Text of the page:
I’m “biast” (con): not a fan of abstract art
(what is this about? see my critic’s minifesto)
I’m not much of a fan of abstract art, but I’ve just discovered an abstract artist whose work I adore. Huge canvases in colors simultaneously delicate and bold, with motifs geometric yet also somehow natural. These are enigmatic paintings, vaguely scientific, hinting at the secret world of atoms and molecules; but also organic, suggestive of flowers and jellyfish and other beautiful oddities of flora and fauna. There is duality in these images, and wisdom. Rather miraculously, this body of work is both rational and spiritual at the same time. The whole universe seems to be contained herein, all its wonders and mysteries. I’m astonished by the beauty of these works, and deeply moved and inspired by them like I never have been before by abstract imagery.
Oddly enough, the entire world is only just discovering this artist, even though she has been dead for almost 80 years. How is that even possible? The clue is in the pronoun: she. Swedish visionary Hilma af Klint was a pioneering artist who was way ahead of her time. She didn’t merely create stunning works of abstract art: she invented abstract art. Her first abstract canvas is dated 1906, four years before Wassily Kandinsky’s, who is still generally considered the earliest abstract painter.
Again, how is this possible? Because the achievements of women are regularly erased in the annals of history, which have been written by men, even when — perhaps especially when — a woman did big important groundbreaking things before a man did. This is nothing new to anyone who has been paying attention, and nothing new to feminism, which is constantly rediscovering and rehabilitating the accomplishments of women (and then has to do it again 25 years later, when the rehabilitation doesn’t stick). But it is never not wholly enraging. (See also: last year’s Be Natural: The Untold Story of Alice Guy-Blaché, the documentary about the person who invented narrative filmmaking, who happened to be a woman and so has been erased from history.)
Anyway, herewith Beyond the Visible, the feature debut of German filmmaker Halina Dyrschka, which gives you the whole sorry yet thrilling tale of Hilma af Klint. This is the sort of documentary in which experts enthuse over extraordinary canvases and exclaim that art history is in “upheaval” and “has to be rewritten,” and yet shares their despair that that may not actually happen even though this movie is trying to do just that. I love how Dyrschka juxtaposes af Klint’s work with later, sometimes decades later, work by men considered revolutionary geniuses of conceptual, nonrepresentational art — Kandinsky, of course, who may have in fact straight up stolen from her; Albers; Klee; Mondrian; Warhol! — in a way that drips with quiet visual sarcasm, a “can you believe this shit” sort of exasperation. Dyrschka and her on-camera experts also have major side-eye for the Museum of Modern Art in New York, which has literally written the history on abstract art, and continues to insist that, you know, maybe af Klint wasn’t really all that important a voice after all?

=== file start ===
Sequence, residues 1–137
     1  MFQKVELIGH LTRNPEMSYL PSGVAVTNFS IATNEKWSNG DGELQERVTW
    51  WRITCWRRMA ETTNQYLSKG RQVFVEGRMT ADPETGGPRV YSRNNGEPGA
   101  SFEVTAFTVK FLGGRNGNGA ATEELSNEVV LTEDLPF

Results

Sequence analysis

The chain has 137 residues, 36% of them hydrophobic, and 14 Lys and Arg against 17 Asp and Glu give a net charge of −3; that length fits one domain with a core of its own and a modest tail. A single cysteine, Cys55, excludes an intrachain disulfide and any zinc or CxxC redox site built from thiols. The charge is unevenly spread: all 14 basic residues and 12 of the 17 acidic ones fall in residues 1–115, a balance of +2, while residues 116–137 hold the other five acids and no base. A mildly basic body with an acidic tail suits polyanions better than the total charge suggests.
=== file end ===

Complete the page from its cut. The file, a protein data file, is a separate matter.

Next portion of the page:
Af Klint’s work, which looks startlingly modern more than a century after its creation, is finally beginning to be seen and contemplated: an exhibition last year of her canvases at New York’s Guggenheim broke attendance records. But can af Klint’s work matter in a paradigm that continues to insist that women are, by very dint of our gender, incapable of “genius,” and in which art is only “important” if it is profitable in an overheated market that puts a seven-figure price tag on a work? Beyond the Visible is a call to smash such “values” that consider art via capitalistic, dick-measuring modes, and for that alone, it is a refreshing work of rebellion in itself.
But this is also a deeply engaging portrait of a woman who lived life on her own terms at a time when options for women were even more limited than they are now; who understood and seems to have accepted — albeit perhaps reluctantly — that her work would be ignored; who looked at the great movements of her time, both scientific and philosophical, and tried to integrate them in her own mind and outlook. Af Klint’s work is all about exploring the intersections of arcane knowledge about the universe — she was a contemporary of Marie Curie, whose work was fostering radical shifts in our understanding of the natural world — and a desire to cling to the numinous, as via the spiritual movement of theosophy, as Western culture began to move away from traditional religion. There is nothing in either that esteems money or fame. Which is why, perhaps, as we are living through further dramatic paradigm shifts right now, in 2020, her work feels so extraordinary, and her vision so necessary.
Beyond the Visible: Hilma af Klint is the Alliance of Women Film Journalists’ Movie of the Week for April 17th. Read the comments from AWFJ members — including me — on why the film deserves this honor.
Beyond the Visible: Hilma af Klint is enjoying a virtual release in the UK, via Modern Films. Visit the film’s official site for streaming options that support local arthouse cinemas. (Also playing in some bricks-and-mortar cinemas.)